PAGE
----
Written by Cynthia Turner. Months ahead of the first Republican primary and a full year and a half ahead of the presidential election, prospective candidates have lined up their campaigns before the American public. The 2016 presidential election boasts fifteen Republican candidates, but it seems to most that the diverse ideologies of the differing candidates are covered up by the alarmist […]
Written by Cynthia Turner.
Months ahead of the first Republican primary and a full year and a half ahead of the presidential election, prospective candidates have lined up their campaigns before the American public. The 2016 presidential election boasts fifteen Republican candidates, but it seems to most that the diverse ideologies of the differing candidates are covered up by the alarmist and racist comments of he-who-has-been-mentioned-one-too-many-times-in-media. The opinions and concerns of those invested in the Republican Party are being startlingly left out.
This Republican candidacy race follows a unique moment in party history. The Republican Party, according to the Pew Research Center in July of 2015, is facing its lowest favorability rate yet. Sixty percent of Americans view the Republican Party unfavorably, and a mere thirty percent view the Republican Party favorably. In the past couple of years, the Republican Party has lost ground with the public on pivotal issues such as gay rights and immigration. The influx of candidates relative to the Democratic Party seem to suggest that individuals of the party see a vacuum in party leadership. Each candidate sees the 2016 presidential election as an opportunity to have a role in redefining the face of the Republican Party.
The opinions and concerns of those invested in the Republican Party are being startlingly left out.
Unfortunately, what most of the public is seeing in this process of redefinition are the extremists with bigoted attitudes. Self-identified Republicans of the University of Texas student body hope to see the party take a different direction. Madison Yandell, the current president of College Republicans explains, “for college students that identify as Republicans, we tend to be the more open-minded and diverse end of the party. It is easy to get frustrated with party leadership when they take a hard stance on social issues. Sometimes the platforms that they put forth are not a true representation of what members of the party believe.”
This moderation in political beliefs was evident at the debate hosted by UT Student Government on Monday, October 12th. The College Republicans took traditionally conservative stances on issues such as voter ID laws. However, for sensitive issues such as gun rights and abortion, they hinged closely to the pragmatic and logistical concerns of policy implementation rather than focusing on broad, ideological differences as commonly expressed by media-grabbing Republican pundits.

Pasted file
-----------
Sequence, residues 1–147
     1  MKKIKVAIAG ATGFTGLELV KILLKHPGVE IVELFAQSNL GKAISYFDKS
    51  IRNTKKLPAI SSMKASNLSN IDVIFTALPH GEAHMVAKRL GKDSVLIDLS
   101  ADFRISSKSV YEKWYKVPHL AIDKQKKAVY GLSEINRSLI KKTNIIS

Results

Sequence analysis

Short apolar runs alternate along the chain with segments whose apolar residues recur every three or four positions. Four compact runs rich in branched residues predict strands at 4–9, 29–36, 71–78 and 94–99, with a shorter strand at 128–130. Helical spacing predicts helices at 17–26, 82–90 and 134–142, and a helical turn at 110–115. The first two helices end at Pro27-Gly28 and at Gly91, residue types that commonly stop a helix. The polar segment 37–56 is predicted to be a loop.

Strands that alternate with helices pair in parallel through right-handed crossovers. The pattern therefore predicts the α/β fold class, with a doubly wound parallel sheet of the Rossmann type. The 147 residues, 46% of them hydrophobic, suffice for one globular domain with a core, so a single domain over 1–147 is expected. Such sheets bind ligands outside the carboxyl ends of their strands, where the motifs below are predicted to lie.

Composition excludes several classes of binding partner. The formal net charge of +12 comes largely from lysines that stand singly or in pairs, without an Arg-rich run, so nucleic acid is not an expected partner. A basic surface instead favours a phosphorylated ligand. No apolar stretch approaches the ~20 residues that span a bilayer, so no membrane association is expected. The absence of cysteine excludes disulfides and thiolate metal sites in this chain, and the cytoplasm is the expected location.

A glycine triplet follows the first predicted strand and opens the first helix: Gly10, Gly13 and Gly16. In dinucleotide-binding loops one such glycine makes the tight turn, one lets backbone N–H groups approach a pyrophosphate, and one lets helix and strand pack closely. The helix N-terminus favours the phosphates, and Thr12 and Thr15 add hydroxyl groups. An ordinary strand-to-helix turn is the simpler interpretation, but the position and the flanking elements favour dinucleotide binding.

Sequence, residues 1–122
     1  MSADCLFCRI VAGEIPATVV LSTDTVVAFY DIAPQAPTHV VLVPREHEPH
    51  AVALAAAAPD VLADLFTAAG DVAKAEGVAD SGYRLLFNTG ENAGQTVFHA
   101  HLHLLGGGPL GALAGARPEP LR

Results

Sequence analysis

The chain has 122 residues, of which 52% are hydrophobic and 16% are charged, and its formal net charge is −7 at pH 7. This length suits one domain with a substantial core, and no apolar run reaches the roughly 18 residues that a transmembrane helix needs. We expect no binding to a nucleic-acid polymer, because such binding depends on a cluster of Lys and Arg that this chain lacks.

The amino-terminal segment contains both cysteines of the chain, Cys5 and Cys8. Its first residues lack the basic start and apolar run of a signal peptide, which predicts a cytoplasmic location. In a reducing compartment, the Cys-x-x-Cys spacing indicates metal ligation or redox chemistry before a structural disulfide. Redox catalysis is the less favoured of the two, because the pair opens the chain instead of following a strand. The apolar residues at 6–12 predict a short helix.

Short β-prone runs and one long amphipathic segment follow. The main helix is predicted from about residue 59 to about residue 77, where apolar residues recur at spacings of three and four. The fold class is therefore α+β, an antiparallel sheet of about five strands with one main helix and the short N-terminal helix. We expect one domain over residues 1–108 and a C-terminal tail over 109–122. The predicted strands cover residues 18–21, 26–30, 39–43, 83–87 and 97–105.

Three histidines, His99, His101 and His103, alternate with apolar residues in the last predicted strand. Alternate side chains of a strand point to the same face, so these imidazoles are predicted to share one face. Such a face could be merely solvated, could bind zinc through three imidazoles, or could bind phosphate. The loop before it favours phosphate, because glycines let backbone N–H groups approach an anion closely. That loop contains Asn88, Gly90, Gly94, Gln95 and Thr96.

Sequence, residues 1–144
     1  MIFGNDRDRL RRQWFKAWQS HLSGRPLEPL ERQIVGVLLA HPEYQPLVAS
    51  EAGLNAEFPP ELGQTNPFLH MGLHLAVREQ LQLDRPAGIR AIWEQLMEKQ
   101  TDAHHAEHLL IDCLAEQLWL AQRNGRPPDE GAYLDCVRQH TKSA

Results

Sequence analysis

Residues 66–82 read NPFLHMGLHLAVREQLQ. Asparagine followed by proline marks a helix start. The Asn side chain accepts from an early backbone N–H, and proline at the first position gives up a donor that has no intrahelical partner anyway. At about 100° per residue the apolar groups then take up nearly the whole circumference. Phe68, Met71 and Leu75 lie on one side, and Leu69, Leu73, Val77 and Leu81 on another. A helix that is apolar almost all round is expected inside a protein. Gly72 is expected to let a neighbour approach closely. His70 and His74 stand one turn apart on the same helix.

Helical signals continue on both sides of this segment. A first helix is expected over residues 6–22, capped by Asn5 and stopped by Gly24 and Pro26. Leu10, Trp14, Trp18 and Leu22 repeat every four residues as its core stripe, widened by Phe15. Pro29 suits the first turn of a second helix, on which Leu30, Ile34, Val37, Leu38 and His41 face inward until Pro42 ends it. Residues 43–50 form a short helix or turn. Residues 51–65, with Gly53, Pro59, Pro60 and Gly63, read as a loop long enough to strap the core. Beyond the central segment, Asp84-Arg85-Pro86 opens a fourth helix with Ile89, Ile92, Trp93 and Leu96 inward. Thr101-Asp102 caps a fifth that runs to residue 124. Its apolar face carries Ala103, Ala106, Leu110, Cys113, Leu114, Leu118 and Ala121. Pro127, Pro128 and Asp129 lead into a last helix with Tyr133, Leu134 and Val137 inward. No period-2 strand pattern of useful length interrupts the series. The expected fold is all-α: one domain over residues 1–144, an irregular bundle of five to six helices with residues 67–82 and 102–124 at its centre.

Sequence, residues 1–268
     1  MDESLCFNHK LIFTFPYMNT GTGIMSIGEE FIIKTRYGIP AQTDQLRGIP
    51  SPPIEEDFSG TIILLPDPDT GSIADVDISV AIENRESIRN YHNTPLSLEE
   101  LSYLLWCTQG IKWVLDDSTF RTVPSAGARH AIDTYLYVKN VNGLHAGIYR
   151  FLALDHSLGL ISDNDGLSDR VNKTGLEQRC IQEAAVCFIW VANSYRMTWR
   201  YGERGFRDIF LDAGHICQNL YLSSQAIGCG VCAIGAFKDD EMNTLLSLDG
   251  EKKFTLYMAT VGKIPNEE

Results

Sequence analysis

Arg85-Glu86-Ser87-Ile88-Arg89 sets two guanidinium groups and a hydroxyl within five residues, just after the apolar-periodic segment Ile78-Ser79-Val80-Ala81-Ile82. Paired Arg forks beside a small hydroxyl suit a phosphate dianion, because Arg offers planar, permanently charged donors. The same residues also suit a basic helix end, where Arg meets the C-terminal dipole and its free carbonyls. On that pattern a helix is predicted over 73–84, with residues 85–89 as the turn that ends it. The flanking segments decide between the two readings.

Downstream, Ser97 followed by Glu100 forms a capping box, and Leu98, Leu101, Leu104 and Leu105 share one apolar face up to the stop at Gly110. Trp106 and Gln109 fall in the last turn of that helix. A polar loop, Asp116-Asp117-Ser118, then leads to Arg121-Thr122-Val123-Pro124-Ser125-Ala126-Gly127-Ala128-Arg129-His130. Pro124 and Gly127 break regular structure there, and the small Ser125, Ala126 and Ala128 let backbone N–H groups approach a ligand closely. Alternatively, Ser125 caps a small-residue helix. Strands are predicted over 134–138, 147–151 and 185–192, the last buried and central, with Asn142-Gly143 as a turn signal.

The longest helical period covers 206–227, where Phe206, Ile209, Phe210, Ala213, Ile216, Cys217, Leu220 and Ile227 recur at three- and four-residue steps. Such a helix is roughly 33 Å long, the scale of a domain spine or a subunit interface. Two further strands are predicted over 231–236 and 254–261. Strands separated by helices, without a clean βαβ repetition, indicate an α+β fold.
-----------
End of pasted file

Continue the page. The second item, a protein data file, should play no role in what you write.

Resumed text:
The Republican candidate will have to appeal to the general population, which consistently clings to the middle.
This approach of adhering closely to principles of preserving individual rights while providing pragmatic critiques to opposition likely rings true for most Republican voters, not just college student Republicans. The Republican Party recognizes that come the general election, the Republican candidate will have to appeal to the general population, which consistently clings to the middle.
Student run organizations supporting specific candidates reflect this moderation and the belief that the Republican Party has much to offer the American public. Zachary Long, a sophomore and Campus Captain of UT Students for Jeb Bush commented that he became “involved in a Republican candidate’s campaign because the Republican party…is the most optimistic. We love this country and believe that freedom and prosperity are the key to a successful nation.” For Long, Jeb Bush embodies these principles most clearly, especially as they relate to those of our generation when considering Bush’s stances on education and immigration.
Despite media coverage focusing on a small fraction of the Republican candidates, most UT Republicans agree that students should take the time to become knowledgeable on each of the different Republican candidates and become invested in the political race. “I genuinely think that voters should take a look at each issue and determine where a candidate stands before supporting him or her,” said Long.
Republican voters will be looking for someone who can balance appealing to the general public and championing the party agenda. Once the primaries open up, student Republicans believe that such a candidate with substantive understanding of political issues will rise to the front.